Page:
Chinese firm Tianqi is closer to completing the $4.1bn acquisition of around 25% stake in lithium producer Sociedad Química y Minera de Chile (SQM) after the receipt of a favourable ruling from Chile’s antitrust court.
The five-member court gave support to an agreement reached between Chilean regulators and Tianqi, Reuters reported.
The agreement pertains to limiting the exchange of commercially sensitive information between the two companies.
Under the terms of the deal struck by Tianqi with the regulators, the Chinese company cannot name any of its executives or employees to SQM’s board. In addition, the firm is required to keep regulators in loop if it signs any future deal with either SQM or Albemarle.
The news agency quoted a statement from the court that read: “The approval of this extrajudicial agreement does not prevent third parties with a legitimate interest, who think that the facts in this agreement affect free competition, from taking whatever action they feel is most appropriate.”
Tianqi welcomed the ruling, saying the agreement with the regulators would ensure competition in the lithium market.
The company told Reuters: “With this resolution, and considering the timeline, we anticipate the transaction will be completed in the last quarter of 2018.”
Previously, SQM flagged its reservations with the deal, citing the absence of enough checks and balances to limit Tianqi’s access to corporate secrets and sensitive information.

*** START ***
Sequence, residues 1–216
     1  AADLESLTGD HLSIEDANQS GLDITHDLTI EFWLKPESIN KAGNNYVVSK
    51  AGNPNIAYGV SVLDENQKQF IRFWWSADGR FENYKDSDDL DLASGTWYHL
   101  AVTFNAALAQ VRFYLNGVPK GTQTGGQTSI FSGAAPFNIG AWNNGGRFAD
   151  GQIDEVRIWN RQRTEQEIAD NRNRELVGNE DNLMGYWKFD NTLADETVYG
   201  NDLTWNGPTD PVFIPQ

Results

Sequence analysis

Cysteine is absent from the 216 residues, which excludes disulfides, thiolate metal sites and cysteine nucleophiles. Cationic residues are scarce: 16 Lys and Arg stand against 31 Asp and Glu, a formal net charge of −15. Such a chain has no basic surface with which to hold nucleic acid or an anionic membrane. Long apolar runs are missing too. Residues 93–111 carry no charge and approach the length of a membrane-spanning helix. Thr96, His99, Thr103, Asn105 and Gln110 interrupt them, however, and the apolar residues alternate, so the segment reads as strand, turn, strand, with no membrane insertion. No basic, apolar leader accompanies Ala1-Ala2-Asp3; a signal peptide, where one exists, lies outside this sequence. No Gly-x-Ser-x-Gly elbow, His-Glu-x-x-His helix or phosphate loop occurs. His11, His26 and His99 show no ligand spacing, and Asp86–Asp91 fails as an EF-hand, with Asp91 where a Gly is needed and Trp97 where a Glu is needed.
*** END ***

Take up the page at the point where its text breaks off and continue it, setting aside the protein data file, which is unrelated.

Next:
The antitrust regulator commenced an investigation into the matter in June after Tianqi revealed that it would acquire 24% of 62,556,568 ‘A shares’ of SQM from Canadian company Nutrien in the preceding month. Nutrien is the combined entity formed as a result of merger of Agrium and PotashCorp.
The sale of stake in SQM is part of a regulatory requirement, mandated by the Competition Commission of India and Ministry of Commerce in China, for the approval of the merger.
Once the transaction is completed, Tianqi will have a significant position in SQM, which is a leading producer of lithium. Global demand for the metal is on the rise for its use in batteries that power cellphones and electric vehicles.
Founded in 1968, SQM supplies plant nutrients, iodine, lithium and industrial chemicals. The company produces lithium carbonate and hydroxide at its Salar del Carmen plant, near Antofagasta, Chile.
SQM’s operations are based in Salar de Atacama, Coya Sur, María Elena, Pedro de Valdivia, Tocopilla, Salar del Carmen and Nueva Victoria.